Guest editor on the recent special issue of Parasitology on Control of cestode zoonoses in Asia: role of basic and applied science, Akira Ito, talks here about why it is important to study neglected zoonotic diseases.

“On a global scale, both human cystic (CE) and alveolar echinococcoses (AE) and cysticercosis due to Taenia solium are classed as neglected zoonotic diseases (NZD). These zoonotic cestodiases require two mammalian hosts for the completion of their life-cycles through natural or anthropogenic-mediated predator-prey systems. In this Special Issue, we focus mostly on taeniases/cysticercoses and echinococcoses in developing countries and regions of Eurasia.

The first topic is a discussion of control of cysticercosis with reviews and original articles. Cysticercosis is transmitted exclusively from humans (taeniasis carriers) to humans. Taeniasis carriers acquire the infection through consumption of pork contaminated with cysticerci of T. solium. T. solium taeniasis is typically endemic in remote or rural areas, whereas cysticercosis with a higher risk in endemic areas may occur anywhere that taeniasis carriers live or visit. Cysticercosis is now a worldwide emerging disease through travel and globalization, but no one knows the full extent of this until neurocysticercosis (NCC) cases have been identified locally. The second topic concerns control of echinococcoses. Echinococcus species complete their life-cycles via domestic animals and/or wildlife through predator-prey interactions. Human echinococcoses, either AE or CE, are caused by accidental ingestion of eggs released from dogs, foxes or wolves in Eurasia. AE due to E. multilocularis occurs focally in regions of developed and developing countries of the northern hemisphere, while CE due to E. granulosus has a worldwide distribution and is of greater concern. Another topic in this Special Issue describes the new species, E. canadensis. E. multilocularis was regarded half a century ago to be distributed mainly in European Alpine countries and in western Alaska; however it has since been found widely in mountainous or upland areas in almost all countries in the holarctic and central regions of Eurasia, and has expanded its range in temperate areas of Europe. Molecular evaluations of E. canadensis and Echinococcus spp. from patients and animals in Russia and from wild animals in Mongolia are proving to be highly revealing. The final topic describes various aspects of transmission ecology and epidemiology of AE in Eurasia.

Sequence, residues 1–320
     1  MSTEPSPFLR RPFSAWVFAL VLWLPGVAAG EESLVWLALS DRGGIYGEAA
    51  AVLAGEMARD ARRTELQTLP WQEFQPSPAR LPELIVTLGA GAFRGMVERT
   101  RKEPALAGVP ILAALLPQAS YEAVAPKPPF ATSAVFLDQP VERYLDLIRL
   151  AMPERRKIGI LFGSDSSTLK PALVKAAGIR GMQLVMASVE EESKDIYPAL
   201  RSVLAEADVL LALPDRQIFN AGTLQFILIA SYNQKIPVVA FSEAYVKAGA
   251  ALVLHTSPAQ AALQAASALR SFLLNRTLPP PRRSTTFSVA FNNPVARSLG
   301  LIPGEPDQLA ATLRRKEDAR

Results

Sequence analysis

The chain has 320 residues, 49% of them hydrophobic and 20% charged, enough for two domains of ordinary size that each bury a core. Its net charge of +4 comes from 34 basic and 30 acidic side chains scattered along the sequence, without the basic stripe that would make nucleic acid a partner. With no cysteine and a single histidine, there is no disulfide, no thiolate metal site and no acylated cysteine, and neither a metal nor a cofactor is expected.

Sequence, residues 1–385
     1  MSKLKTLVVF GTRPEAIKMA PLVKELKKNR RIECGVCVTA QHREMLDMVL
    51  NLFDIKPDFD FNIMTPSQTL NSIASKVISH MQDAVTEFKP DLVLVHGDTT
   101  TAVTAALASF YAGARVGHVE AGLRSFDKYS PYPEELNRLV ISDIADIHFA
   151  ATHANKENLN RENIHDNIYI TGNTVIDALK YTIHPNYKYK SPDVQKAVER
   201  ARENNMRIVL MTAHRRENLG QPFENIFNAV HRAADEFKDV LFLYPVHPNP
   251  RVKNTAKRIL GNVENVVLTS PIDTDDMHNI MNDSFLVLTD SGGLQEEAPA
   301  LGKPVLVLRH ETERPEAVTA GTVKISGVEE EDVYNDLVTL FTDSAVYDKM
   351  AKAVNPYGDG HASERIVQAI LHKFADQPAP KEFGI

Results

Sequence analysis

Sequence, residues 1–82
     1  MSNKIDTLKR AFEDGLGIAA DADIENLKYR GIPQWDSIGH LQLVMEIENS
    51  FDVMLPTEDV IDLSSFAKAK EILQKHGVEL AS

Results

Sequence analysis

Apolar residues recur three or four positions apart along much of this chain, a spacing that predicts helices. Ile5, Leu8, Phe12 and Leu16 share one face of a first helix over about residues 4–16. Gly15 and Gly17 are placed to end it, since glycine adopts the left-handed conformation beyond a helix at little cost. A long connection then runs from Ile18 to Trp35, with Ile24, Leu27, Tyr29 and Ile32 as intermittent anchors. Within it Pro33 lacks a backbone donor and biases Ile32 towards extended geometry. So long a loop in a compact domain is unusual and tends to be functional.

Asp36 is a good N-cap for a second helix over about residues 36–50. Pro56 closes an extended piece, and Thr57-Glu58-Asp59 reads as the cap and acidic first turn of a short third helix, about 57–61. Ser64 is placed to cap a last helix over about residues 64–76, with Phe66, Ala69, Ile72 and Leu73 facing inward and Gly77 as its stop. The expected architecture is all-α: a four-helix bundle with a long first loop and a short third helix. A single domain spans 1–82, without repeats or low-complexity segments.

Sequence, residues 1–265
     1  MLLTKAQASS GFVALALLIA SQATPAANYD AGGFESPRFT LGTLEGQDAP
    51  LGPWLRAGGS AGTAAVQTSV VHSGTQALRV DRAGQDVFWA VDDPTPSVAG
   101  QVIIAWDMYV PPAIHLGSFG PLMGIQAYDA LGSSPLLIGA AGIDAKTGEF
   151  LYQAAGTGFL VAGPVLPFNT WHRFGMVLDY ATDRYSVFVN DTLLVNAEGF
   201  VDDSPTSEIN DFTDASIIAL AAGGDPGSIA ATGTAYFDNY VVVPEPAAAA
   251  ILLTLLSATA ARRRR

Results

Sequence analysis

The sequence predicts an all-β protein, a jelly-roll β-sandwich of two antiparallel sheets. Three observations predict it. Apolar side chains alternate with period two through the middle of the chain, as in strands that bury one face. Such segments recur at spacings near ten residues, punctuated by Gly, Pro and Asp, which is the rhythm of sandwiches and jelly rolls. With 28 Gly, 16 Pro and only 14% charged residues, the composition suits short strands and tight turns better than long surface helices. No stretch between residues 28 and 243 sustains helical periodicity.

In this symposium proceedings, we have tried to link molecular, immunological and spatial ecological approaches in order to provide research-based evidence that will lead to the control of these zoonotic cestodiases. We anticipate that all of the articles in this Special Issue will have a high impact and readers interested in the control of infectious diseases will find much to stimulate their continuing interest.”

Read the special issue for free until 30th April 2014.


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